Our Thoughts on Metabolism May Be Wrong
by Claire Allen, RD
It has been commonly thought that as we age our metabolism declines and that women tend to have slower metabolisms than men. A new study in the journal of Science stands to prove these assumptions wrong. This study incorporated data from nearly 6,500 people ranging from age 8 to 95 years old. Metabolic rates were analyzed using doubly labeled water, which involves tracking the amount of carbon dioxide a person exhales during activities. Participants’ height, weight and percent body fat were also a part of the analysis. The chief findings were that metabolism differs for all people across four distinct stages of life:
- “Infancy up until age 1 calorie burning is at its peak, accelerating until it is 50 percent above the adult rate.”
- “From age 1 to about age 20, metabolism gradually slows by about 3 percent a year.”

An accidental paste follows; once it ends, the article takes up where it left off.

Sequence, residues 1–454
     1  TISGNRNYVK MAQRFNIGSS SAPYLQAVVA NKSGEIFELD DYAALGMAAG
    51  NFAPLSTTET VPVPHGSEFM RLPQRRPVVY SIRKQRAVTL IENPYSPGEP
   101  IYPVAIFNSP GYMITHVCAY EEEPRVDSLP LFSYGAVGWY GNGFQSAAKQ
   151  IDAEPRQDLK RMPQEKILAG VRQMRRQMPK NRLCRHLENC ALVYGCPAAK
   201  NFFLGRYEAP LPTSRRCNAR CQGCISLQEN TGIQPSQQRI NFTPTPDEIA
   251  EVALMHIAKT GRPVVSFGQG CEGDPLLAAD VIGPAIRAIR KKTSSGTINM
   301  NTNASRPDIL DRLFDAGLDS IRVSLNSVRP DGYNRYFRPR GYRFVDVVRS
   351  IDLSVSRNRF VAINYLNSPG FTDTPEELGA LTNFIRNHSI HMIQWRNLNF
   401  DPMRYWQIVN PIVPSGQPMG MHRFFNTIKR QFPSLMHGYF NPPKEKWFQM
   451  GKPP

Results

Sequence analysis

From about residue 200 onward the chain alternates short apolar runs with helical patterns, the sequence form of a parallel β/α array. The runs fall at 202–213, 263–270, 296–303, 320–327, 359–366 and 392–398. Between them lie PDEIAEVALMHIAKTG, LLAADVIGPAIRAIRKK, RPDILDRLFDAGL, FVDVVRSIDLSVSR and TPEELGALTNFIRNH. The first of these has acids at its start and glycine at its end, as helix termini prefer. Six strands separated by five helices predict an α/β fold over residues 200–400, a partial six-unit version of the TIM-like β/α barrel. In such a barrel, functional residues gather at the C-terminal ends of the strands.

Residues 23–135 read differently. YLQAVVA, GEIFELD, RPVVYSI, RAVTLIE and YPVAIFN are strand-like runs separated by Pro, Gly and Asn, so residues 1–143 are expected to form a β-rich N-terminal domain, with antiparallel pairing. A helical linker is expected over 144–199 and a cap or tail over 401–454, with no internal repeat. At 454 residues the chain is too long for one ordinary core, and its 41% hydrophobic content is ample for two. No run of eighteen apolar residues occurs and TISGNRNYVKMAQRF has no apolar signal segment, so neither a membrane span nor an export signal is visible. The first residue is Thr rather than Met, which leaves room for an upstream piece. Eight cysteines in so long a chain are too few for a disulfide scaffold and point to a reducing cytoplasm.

- “From age 20 to 60, it holds steady.”
- “After age 60, it declines by about 0.7 percent a year.”
Additionally, once researchers controlled for body size and the amount of muscle mass of participants, they found no differences between men and women in terms of metabolic rate. It’s important to note that while the metabolic rate may be steady for the population, some individuals may have metabolisms significantly higher or lower than the average for their age. According to the researchers, these outliers did not change the general findings of the study. It does make us wonder, however, what are the distinguishing characteristics of people who have a higher metabolism.
Scientists of course have conflicting viewpoints on this new research. Some are calling it a “pivotal paper that may reshape the science of human physiology.” Others are cautious, stating this only gives a “30,000-foot view of energy metabolism.” At any rate, it gets us thinking that we may need to pivot our common thoughts on metabolism. But that is the beauty of science, learning more every day.
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If you are interested in learning more about metabolism or the factors that may impact your weight, contact our clinic at 224-407-4400 or at www.compgihealth.com to set up a session with one of our registered dietitians.